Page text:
Pump-probe experiments

Transient absorption measurements have been performed in a fs Ti:Sa laser set up. A pulsed laser with a 250 kHz repetition rate, centered at a wavelength of 800 nm with a continuous wave power of 800 mW is our light source, as the irradiation comes from a pulsed laser of 250 kHz repetition rate of 150 fs duration pulses that leads to a 24 MW peak power. Laser beam is attenuated and split in pump and probe beam. Pump beam's frequency is doubled in a barium borate crystal, resulting in a pump wavelength of 400 nm and a pump power of 0.9 mW. The probe beam pulses are focused in a sapphire plate and supercontinuum white light probe pulses (460–760 nm) are generated. Probe beam continuous wave power is set at 10 μW. Pump and probe beams are focused and overlapped in the sample. Leading to a spot size of 150 μm. Measurements have been done in transmission, pump beam has been blocked and the probe beam is collimated and guided to the detector.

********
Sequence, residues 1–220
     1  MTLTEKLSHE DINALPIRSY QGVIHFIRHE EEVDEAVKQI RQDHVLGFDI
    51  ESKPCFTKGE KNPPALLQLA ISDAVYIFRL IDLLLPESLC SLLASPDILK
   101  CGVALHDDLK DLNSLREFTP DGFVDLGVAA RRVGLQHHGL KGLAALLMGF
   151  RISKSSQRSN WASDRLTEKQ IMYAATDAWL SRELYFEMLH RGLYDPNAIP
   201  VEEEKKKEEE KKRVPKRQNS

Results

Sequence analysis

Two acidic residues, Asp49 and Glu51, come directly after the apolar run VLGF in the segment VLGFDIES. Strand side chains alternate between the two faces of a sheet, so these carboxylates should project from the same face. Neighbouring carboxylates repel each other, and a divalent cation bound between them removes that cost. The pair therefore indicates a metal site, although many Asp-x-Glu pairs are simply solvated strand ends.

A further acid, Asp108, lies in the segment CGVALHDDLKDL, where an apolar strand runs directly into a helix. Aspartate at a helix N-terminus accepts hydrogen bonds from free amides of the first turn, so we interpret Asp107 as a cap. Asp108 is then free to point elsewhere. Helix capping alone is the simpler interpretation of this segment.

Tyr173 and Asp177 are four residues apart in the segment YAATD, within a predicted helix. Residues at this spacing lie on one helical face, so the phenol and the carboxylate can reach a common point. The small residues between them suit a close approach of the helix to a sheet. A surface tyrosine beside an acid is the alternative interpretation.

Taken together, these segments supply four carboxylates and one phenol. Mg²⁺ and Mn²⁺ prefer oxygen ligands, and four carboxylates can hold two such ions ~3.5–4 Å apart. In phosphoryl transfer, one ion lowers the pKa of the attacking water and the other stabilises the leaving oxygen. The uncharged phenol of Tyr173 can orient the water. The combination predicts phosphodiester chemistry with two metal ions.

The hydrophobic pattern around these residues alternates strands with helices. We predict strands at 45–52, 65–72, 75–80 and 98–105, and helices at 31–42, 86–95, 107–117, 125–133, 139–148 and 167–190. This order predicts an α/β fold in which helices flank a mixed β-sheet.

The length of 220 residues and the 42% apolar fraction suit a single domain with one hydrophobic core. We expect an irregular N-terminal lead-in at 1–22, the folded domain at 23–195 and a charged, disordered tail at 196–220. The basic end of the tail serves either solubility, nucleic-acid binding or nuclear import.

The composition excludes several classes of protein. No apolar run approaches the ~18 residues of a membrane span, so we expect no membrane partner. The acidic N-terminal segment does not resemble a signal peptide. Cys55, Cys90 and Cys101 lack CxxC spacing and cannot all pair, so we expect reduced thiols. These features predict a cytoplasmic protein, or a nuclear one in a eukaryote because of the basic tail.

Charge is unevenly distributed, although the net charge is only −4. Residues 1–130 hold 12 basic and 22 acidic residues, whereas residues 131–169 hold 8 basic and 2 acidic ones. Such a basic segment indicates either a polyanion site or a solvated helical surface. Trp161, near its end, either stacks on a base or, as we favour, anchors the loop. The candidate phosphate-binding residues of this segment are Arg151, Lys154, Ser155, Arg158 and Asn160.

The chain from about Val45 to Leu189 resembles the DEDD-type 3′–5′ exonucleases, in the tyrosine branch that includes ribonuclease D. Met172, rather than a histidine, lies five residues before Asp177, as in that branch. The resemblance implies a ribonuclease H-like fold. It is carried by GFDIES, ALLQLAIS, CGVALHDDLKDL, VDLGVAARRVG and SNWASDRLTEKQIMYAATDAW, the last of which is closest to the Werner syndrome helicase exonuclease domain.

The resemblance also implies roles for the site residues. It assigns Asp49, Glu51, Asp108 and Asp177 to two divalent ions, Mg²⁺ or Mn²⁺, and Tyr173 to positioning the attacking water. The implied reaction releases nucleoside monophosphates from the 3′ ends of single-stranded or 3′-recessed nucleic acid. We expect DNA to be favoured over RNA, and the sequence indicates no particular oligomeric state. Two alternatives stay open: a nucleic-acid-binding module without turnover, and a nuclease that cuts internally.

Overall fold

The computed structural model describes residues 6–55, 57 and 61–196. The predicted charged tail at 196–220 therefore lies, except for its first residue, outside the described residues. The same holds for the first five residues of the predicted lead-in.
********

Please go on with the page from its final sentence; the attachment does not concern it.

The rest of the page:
Electrical measurements

Flakes were prepared by mechanical exfoliation under inert atmosphere on n++ (As)-doped silicon wafers with 300 nm thermally grown SiO2 on top. Typical lateral flake sizes were a few μm. For electrical contacting standard electron beam-lithography was used. Electrical contacts were defined by evaporation of 5 nm titanium and 40 nm gold on top of the sample. After deposition of the electrodes the samples were covered by PMMA to protect from air. The electrical measurements to determine the four-point conductivity G and from this the field-effect mobility μ were carried out at room-temperature where the doped silicon served as a backgate. The mobility μ was extracted from the linear part of the gate-dependence of G following
image file: c8ra09069f-t1.tif
with the thickness tox of the SiO2, the dielectric constants ε0 and εSiO2, channel length L and width W (any hysteretic behavior was not further pursued as attributed to stem from commonly appearing inhomogeneity at the flake substrate interface in 2D layered materials FETs). The height of flakes was measured by scanning force microscopy.